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Gary and I took a few hours recently and walked to the Palazzo Pfanner to finally take a peek inside. We have been to Lucca several times before moving here, however, never had the chance to explore this palace. It was well worth the few euros for entry to see both the incredible home and the garden.
Location of Palazzo Pfanner
You can actually see the back of the palazzo and the garden from up on Lucca’s medieval wall on the north end of town. This garden is one of the most beautiful in town. We find many people relaxing along this stretch of the wall to take in the palazzo’s beauty. Sitting on one of the many benches here, you can take a rest from a bicycle ride or walk under the trees.
Originally, the merchant nobility Moriconi family of Lucca commissioned the building in 1660. The Moriconi family was forced to sell the palazzo to the Controni family after being ruined by bankruptcy. This family made a number of changes to the house, including the important addition of an outside grand staircase. This staircase was immortalized in Mario Monicelli’s famous film, Il Marchese del Grillo (1981).
This residence consists of a large reception hall with frescoes by Pietro Paolo Scorsini from the early 18th century. It includes a historic kitchen and a bedroom. Currently, the residence has a permanent exhibition of medical-surgical instruments from the end of the 19th century that belonged to Pietro Pfanner, an amazing surgeon, philanthropist, and mayor of Lucca from 1920 – 1922.
You can actually rent the apartment in the Palazzo!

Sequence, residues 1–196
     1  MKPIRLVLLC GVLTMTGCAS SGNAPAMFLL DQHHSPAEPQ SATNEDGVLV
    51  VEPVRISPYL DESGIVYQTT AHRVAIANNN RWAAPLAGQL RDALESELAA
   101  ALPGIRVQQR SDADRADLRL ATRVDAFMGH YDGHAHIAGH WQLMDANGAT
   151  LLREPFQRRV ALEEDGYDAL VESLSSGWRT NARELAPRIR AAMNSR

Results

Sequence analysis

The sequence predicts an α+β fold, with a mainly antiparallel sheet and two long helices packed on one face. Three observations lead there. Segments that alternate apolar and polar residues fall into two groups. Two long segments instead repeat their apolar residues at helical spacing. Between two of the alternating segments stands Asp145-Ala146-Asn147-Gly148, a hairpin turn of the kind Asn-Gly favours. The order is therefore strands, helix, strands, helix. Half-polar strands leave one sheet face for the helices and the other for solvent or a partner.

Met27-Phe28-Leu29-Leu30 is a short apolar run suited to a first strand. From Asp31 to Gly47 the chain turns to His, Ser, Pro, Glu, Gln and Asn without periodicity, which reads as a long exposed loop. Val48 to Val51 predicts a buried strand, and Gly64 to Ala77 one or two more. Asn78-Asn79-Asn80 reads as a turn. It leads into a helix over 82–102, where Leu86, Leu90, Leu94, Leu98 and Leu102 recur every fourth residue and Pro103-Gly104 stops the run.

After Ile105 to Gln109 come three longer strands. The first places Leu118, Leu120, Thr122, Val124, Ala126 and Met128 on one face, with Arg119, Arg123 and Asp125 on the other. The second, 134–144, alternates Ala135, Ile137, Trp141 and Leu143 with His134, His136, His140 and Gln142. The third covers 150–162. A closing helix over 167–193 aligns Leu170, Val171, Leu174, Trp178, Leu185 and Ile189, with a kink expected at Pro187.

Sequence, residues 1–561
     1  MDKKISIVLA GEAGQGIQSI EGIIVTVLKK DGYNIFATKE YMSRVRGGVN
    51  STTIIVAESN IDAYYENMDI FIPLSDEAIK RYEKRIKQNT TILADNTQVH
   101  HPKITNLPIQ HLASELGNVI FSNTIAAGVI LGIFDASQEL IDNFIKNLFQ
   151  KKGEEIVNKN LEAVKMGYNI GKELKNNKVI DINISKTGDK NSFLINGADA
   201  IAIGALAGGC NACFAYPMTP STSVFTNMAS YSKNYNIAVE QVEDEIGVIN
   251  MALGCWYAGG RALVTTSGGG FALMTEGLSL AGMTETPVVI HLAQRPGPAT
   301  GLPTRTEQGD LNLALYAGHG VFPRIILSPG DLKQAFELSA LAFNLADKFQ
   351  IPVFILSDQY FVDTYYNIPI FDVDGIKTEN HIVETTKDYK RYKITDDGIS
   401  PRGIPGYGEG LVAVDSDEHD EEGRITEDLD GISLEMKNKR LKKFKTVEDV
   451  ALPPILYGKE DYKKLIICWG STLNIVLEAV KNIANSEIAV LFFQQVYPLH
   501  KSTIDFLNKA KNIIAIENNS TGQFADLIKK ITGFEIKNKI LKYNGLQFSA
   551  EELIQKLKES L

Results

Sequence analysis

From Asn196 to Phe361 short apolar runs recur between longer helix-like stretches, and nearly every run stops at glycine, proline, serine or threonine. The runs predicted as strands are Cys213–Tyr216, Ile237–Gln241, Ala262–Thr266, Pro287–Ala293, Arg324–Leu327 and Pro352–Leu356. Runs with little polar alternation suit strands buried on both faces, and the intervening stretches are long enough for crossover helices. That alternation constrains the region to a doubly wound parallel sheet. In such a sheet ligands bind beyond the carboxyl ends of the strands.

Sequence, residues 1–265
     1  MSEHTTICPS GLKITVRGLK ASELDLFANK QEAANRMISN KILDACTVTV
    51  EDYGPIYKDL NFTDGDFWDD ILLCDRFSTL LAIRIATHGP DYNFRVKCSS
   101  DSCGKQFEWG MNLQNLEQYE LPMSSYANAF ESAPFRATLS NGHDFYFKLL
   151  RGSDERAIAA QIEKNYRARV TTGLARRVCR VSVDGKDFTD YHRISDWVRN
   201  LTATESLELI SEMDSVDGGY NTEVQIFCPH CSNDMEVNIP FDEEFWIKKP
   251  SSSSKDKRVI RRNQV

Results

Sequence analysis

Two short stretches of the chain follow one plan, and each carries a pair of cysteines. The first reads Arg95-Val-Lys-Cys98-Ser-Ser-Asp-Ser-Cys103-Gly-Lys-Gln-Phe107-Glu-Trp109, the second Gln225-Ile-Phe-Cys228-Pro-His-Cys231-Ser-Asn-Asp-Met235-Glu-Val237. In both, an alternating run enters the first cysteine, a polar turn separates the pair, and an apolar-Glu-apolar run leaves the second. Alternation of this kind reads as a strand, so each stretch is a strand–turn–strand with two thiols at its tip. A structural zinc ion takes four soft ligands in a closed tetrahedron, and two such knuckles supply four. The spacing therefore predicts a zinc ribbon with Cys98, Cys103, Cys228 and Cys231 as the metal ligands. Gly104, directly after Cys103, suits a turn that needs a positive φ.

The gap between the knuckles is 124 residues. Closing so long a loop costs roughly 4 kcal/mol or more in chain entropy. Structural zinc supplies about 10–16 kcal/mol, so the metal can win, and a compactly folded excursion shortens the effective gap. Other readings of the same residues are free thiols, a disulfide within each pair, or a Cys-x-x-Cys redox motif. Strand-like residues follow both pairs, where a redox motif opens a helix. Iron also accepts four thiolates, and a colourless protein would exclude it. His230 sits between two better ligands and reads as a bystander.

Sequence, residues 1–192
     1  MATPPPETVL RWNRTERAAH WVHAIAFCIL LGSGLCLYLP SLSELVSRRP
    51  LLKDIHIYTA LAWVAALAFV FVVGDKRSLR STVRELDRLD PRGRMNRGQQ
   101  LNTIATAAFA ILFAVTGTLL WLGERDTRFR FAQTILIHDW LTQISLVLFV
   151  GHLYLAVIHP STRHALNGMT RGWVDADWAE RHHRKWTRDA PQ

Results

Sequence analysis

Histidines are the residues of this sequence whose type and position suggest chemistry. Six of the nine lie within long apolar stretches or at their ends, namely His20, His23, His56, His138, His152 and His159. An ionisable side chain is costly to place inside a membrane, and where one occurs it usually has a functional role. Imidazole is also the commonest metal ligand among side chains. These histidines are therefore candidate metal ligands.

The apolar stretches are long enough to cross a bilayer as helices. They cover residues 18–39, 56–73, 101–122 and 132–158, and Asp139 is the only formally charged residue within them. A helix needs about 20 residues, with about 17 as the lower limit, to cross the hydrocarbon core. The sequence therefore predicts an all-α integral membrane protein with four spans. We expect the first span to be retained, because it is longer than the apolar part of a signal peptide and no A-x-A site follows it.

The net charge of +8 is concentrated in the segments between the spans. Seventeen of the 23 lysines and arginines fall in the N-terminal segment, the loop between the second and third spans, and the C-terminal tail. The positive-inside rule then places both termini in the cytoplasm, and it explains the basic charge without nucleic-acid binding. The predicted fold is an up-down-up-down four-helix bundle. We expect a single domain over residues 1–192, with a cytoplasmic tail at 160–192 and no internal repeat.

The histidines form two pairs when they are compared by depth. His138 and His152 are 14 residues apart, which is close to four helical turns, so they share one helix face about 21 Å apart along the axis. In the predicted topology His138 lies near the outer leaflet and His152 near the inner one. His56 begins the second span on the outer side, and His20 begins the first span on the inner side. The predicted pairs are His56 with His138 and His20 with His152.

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Some Interesting History – A Brewery!
The house took the name of the Pfanner family in 1800 when it was acquired by the Austrian brewer. Charles Louis Bourbon was invited to Lucca in 1846 to direct the brewing of beer in the town. The brewery, which produced beer according to the old German tradition, was operative until 1929.
The Pfanner Family
Today, the house is still owned by the Pfanner family. It has been open to the public since the 1990s. In 1995, this family had undertaken the demanding work of improvement by initiating its restoration. Inside we can admire the splendid monumental hall, frescoed in the 18th century, and a collection of surgical instruments which belonged to Pietro Pfanner, a physician who was also mayor of Lucca from 1920 to 1922.
A little more about Pietro Panner… He was born in Lucca in 1864 and graduated from the University of Florence. After several years as Assistant Hospital Director, he then became chief surgeon of the Red Cross. In 1918, he became chief emeritus of surgery in the Hospital of Lucca. At one time, his outpatient office was located on the ground floor of the palazzo. He died in 1935 and Lucca dedicated the street in front of the hospital in his name.
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The Stunning Garden
The most charming, fascinating, and poetical part of Palazzo Pfanner remains the marvelous garden, created in 1700, by Filippo Juvarra. This garden includes Mediterranean plants including bamboo, statues of the four elements and the four seasons, a Roman sarcophagus, lemon trees, and a huge magnolia tree. A beautiful focal point is an octagonal fountain, artfully set at the intersection of the two central paths.
The long narrow building at the back of the property was at one time, dedicated to storing lemons. Statues of Hercules and Cybele, along with some beautiful rose bushes create a romantic and relaxing setting.
In 1996, the garden was chosen as the location of the film, Portrait of a Lady, a film adaptation of Henry Jame’s 1881 novel directed by Jane Campion starring Nicole Kidman and John Malkovich.